6th District Councilwoman Ellen Robertson announced that she had no idea people were coming expecting jobs, which sent the crowd into an uproar. It seems that Mr. Jennings coerced a couple hundred unemployed people into attending the meeting as some sort of publicity stunt. It is unclear at this time whether or not Mr. Jennings or ADM Contractors, Inc. has this or any other contract with the City of Richmond.

One of us who did attend wrote immediately after the event that they, “Just sat around for a couple of hours in the hot ass sun without water because people were going around the community saying a developer was looking to hire laborers. There were a couple of hundred of us and they kept telling us we were all going to get a job if we waited there and went into an auditorium when they were ready. When a news crew finally showed up they brought us all in and it was a community meeting with members of city council members there. The councilwoman from our district was a the front of the crowd and she told us none of us were leaving the auditorium with a job and apologized if we felt we were lied to. Everyone was pretty furious at that moment and most of us stormed out as the councilwoman begged us to stick around for the meeting.” – WT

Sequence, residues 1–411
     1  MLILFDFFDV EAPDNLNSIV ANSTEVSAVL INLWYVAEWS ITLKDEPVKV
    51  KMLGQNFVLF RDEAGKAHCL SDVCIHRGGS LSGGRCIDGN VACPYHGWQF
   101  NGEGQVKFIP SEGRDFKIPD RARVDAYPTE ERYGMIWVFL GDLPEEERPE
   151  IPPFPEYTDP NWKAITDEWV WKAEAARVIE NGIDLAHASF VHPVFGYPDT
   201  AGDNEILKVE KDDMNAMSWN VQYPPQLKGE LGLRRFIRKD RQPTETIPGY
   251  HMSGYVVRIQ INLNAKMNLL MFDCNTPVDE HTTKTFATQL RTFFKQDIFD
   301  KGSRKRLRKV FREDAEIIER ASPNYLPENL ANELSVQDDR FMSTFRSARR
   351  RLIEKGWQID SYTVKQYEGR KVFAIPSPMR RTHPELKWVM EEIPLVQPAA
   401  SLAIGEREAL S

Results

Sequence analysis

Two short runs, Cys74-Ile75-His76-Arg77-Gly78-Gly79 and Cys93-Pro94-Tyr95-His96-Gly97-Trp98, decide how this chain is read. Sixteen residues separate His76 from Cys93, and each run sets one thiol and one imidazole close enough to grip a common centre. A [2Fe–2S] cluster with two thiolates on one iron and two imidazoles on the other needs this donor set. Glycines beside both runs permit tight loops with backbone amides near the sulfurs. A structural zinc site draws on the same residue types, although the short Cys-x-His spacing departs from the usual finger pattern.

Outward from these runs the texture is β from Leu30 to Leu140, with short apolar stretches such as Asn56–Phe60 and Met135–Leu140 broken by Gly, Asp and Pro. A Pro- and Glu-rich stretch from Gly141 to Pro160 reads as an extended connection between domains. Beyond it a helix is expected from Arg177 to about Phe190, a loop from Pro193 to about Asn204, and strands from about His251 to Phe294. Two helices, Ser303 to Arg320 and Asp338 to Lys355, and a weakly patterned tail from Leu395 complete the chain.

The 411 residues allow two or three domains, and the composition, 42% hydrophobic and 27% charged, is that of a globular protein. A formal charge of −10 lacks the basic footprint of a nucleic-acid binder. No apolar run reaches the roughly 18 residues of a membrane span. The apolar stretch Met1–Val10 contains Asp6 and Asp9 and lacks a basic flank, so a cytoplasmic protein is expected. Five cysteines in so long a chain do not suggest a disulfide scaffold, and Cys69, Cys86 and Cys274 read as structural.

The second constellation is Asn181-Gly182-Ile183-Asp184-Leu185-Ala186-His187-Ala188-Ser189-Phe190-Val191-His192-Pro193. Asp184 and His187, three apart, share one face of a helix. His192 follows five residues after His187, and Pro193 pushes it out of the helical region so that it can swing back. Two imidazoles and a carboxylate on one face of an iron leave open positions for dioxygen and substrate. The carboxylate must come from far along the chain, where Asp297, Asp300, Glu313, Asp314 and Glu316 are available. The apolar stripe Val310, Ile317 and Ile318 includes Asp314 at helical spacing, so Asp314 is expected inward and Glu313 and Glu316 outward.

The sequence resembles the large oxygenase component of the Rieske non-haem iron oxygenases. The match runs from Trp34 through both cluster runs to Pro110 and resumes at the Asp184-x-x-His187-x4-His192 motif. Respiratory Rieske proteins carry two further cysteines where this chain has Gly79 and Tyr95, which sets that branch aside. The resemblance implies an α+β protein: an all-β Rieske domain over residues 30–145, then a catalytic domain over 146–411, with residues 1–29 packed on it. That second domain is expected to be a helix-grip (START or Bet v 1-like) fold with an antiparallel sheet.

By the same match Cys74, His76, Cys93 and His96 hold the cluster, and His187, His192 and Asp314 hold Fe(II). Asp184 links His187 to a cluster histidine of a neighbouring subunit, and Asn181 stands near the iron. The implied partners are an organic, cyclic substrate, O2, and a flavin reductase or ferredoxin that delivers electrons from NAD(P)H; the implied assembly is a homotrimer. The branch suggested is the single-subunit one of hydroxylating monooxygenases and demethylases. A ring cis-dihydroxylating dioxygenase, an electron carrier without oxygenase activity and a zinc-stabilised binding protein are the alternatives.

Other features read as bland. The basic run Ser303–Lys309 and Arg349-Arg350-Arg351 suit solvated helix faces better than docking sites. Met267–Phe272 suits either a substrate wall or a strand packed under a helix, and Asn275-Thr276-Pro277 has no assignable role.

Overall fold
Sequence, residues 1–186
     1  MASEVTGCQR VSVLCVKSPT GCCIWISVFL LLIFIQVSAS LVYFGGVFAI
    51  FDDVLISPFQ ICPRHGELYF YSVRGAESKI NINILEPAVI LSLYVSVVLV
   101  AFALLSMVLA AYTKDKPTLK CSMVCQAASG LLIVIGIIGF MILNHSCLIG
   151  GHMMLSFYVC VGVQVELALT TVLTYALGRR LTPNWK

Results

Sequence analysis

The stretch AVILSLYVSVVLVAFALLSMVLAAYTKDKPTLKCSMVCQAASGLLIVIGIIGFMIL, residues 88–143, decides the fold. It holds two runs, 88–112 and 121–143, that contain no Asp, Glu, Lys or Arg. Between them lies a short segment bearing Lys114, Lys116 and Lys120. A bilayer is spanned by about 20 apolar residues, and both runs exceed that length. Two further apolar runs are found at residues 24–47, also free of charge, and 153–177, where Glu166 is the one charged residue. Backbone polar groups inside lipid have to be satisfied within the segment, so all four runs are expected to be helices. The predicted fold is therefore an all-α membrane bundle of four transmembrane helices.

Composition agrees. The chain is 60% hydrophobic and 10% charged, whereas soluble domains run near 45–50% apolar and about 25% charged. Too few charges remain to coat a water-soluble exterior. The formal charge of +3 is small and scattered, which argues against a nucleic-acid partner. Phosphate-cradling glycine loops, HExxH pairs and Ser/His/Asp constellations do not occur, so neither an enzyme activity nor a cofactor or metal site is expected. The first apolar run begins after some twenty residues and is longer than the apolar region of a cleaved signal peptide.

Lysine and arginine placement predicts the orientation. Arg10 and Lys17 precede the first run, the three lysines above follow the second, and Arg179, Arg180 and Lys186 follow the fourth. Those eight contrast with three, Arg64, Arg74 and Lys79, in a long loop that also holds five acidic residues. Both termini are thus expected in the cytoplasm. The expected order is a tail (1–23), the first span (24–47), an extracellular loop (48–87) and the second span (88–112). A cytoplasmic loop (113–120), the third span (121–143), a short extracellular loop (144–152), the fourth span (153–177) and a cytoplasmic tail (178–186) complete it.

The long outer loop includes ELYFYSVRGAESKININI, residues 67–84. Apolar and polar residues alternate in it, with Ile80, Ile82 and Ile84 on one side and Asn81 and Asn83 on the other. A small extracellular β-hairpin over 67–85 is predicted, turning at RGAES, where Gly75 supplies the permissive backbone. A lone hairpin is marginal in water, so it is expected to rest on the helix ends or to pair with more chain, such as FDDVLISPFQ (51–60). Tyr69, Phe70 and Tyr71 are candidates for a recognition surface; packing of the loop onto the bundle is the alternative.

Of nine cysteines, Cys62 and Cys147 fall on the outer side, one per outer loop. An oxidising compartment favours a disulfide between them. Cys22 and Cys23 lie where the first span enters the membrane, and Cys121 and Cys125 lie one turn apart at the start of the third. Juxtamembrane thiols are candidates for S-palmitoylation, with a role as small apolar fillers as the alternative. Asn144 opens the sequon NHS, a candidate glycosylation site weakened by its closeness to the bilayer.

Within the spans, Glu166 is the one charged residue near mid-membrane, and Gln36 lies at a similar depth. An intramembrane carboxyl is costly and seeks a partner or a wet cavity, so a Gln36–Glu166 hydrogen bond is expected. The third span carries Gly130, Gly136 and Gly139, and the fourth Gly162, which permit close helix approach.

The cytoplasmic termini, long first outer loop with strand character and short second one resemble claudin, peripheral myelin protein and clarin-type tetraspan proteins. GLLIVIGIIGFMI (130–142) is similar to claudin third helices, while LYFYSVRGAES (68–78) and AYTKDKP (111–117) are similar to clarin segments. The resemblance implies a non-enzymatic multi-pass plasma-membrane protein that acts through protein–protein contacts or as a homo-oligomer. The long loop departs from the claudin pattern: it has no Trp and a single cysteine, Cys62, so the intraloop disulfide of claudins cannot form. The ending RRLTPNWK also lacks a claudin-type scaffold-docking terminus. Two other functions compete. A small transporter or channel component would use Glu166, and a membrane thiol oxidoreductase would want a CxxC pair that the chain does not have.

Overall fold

6th District Councilwoman Ellen Robertson had this to say about the incident:  “No one was more surprised than I to see so many people expecting to receive a job. The meeting was for the purpose of discussing development on Dove. Based on who approached me as the spoke person and took credit for coordinating getting people out for the purpose of discussing jobs, his card identifies him as Ronnie Jennings of ADM Contractors, Inc. To my knowledge he is not a contractor on the job. I had no discussion with Jennings prior to the community meeting and had no knowledge of the word on the street. However, I am willing to work with all those who attended to find jobs. I asked everyone there to sign up so I could contact them. However, Mr Jennings took all the sign in sheets so I don’t have any contact information except his.”

Folks we interviewed from Southern Barton Heights who had gone to apply for jobs were all quite upset at how they were treated. Richard Williams said, “That was wrong. Having all those people come down their waiting for a job in the heat”. When asked what they were expecting one man said, “What was said was for a job, you could come down there and get a job. Nobody got nothing”.

The people who made the effort, waited in the sun, and got nothing for it feel violated and upset. Dmitry said, “I felt angry, and taken advantage of” and Roger felt like, “They were playing with our emotions, it was nothing but a waste of time”.

And summing up many people’s feelings about the whole fiasco – “That’s some bullshit.” -anon.